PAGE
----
Book Review: A Kid’s Guide To Keeping Chickens

There are a number of good books on the market today that help chicken owners create and manage a small backyard flock. Some of these books are for newcomers and others for pros. Some focus on one specific aspect of poultry keeping such as chicken health or coop design, and some are general guides. However, there’s always been a gap in the chicken book market. That is until now.

Melissa Caughey’s A Kid’s Guide to Keeping Chickens is the first truly comprehensive and accessible book on the topic written for kids.  The book is a general guide to chicken keeping and covers all the same topics one would expect to find in a book written for adults. These include, selecting chicken breeds, raising chicks, feeding and watering, etc.

However, the author has paid careful attention to creating a book that is accessible and engaging to young readers.  Child friendly text is organized into topics that are generally 2-3 paragraphs in length. This makes it easy for kids to read the book in short increments and not be overwhelmed by the information. 

This text is accompanied by plenty of photos and illustrations that are laid-out on the page in a way that makes it easy for kids to understand and remember the concepts presented. For example, the section on daily chores, communicates the tasks that need to be done each day using a series of captioned photos that are arranged sequentially on the page to form a daily timeline.  This makes it super easy for kids to understand what needs to be done over the course of the day.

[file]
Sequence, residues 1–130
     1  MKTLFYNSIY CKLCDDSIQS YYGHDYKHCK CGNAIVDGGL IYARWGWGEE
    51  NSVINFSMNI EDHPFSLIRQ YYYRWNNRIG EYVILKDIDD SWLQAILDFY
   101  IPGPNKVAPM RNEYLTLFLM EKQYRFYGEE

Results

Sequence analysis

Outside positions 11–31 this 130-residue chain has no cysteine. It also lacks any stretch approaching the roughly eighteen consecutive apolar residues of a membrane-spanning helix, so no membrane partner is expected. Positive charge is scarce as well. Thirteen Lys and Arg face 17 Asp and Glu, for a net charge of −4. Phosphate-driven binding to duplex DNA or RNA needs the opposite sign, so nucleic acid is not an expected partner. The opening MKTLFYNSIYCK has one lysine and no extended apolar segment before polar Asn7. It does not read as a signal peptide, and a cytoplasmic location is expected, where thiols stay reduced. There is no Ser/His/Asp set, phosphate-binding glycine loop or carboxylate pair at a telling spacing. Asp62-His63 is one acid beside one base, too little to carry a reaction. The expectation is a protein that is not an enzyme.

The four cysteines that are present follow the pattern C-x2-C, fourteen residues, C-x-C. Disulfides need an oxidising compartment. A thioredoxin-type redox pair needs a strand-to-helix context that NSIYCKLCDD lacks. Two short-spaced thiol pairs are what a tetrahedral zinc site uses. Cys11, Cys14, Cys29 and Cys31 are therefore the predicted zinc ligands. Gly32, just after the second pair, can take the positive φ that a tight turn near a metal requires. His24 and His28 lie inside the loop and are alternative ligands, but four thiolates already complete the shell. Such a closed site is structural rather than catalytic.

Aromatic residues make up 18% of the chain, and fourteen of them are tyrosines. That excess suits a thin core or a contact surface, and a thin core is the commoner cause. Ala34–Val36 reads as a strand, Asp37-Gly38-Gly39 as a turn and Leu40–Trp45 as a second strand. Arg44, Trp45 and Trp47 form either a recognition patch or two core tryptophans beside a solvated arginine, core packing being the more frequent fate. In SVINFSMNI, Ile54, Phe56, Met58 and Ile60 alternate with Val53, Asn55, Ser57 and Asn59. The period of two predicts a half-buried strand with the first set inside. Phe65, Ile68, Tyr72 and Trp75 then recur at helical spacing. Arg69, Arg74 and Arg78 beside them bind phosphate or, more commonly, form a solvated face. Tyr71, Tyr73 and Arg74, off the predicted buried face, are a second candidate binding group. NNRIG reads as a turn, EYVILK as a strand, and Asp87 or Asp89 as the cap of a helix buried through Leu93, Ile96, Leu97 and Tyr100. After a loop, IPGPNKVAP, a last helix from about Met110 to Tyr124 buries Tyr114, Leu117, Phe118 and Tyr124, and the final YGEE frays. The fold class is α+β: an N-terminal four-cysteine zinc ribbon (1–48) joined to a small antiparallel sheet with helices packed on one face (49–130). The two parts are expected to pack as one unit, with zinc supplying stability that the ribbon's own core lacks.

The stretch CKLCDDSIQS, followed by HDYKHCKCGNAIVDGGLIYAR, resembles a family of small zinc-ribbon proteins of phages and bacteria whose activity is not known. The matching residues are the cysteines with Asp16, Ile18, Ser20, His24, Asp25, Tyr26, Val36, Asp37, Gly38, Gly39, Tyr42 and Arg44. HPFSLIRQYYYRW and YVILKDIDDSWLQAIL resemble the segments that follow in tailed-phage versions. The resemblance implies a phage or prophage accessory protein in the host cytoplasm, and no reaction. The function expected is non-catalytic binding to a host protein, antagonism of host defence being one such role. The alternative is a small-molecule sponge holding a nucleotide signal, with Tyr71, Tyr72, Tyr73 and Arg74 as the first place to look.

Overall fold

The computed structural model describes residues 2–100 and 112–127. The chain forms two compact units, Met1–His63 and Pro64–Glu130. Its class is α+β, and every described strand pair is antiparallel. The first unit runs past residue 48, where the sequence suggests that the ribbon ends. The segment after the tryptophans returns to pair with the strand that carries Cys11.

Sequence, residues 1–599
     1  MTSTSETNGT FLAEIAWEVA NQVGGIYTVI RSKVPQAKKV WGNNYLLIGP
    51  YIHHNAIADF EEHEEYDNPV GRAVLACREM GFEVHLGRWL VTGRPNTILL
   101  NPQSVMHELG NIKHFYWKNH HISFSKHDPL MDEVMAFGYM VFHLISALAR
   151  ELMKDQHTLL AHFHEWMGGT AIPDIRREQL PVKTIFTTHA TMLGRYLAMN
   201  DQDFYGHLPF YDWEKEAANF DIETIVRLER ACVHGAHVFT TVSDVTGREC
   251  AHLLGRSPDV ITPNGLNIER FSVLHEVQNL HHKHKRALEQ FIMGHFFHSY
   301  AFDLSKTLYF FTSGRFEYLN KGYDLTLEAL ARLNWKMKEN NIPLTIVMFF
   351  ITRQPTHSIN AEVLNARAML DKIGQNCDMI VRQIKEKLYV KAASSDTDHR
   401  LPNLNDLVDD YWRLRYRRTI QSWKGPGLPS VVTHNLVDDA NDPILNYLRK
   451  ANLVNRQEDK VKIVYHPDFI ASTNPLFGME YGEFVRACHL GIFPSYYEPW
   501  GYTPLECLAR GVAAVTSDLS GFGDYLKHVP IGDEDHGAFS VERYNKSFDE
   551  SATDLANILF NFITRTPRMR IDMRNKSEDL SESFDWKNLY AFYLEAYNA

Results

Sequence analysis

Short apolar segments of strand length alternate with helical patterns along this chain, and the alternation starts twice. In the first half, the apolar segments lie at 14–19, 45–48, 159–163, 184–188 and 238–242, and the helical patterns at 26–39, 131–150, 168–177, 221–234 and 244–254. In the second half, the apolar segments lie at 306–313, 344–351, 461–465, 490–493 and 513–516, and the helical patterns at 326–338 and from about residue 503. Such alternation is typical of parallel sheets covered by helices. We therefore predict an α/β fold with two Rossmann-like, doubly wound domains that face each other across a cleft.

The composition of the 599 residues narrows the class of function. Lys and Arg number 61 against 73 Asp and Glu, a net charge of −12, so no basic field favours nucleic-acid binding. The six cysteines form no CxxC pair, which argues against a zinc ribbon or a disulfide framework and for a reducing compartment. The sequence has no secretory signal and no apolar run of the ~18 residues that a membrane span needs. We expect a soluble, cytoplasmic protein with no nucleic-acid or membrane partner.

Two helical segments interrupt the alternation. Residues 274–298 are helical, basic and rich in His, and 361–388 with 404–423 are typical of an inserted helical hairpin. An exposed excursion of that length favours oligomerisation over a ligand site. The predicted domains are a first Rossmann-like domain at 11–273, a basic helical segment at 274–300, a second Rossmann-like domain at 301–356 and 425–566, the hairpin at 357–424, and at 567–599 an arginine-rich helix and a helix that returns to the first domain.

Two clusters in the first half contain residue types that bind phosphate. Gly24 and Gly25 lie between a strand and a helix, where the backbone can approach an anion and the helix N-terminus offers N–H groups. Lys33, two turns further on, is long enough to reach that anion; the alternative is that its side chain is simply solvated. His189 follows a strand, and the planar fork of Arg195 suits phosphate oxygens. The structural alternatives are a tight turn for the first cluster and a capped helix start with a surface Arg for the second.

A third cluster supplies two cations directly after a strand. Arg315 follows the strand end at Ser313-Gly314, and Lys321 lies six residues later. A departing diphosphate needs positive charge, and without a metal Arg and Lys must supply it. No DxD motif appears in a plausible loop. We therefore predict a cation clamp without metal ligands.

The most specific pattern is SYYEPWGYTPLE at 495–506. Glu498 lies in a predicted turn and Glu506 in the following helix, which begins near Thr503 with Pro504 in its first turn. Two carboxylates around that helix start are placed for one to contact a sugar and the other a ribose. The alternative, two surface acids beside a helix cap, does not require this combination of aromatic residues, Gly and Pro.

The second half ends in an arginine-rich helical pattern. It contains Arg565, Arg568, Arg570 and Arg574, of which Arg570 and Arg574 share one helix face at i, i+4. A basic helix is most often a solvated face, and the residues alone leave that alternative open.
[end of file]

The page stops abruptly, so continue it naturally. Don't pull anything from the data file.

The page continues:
General chicken keeping information is paired with fun craft projects that teach kids how to draw a chicken, color Easter eggs etc. The book also includes DIY projects for young “makers” such as how to build an herbal wading pool for chickens or how to create a mealworm hatchery. They make for fun activities on days when the weather keeps kids indoors and parents need an activity to occupy all that kid energy.  

Another nice touch by the author is the inclusion of recipes for egg dishes in a separate section at the back of the book. It’s empowering for kids to be able to create their food. Using eggs produced by chickens they raise themselves takes this to an even higher level.

This is a beautifully executed book and we recommend it to parents who want to keep backyard chickens.  Based on our reading, we feel the sweet spot for this book is children aged 10-13. They’ll be able to read the book with little or no assistance from a parent. Kids 8-10, will probably need  assistance from Mom or Dad depending on their reading ability and comprehension.

A Kid’s Guide to Keeping Chickens is available for sale at, Barnes & Noble, Target, Wal-Mart and Powell’s.

Melissa Caughey is also the author of Tilly's Nest, a blog that provides information about backyard chickens.


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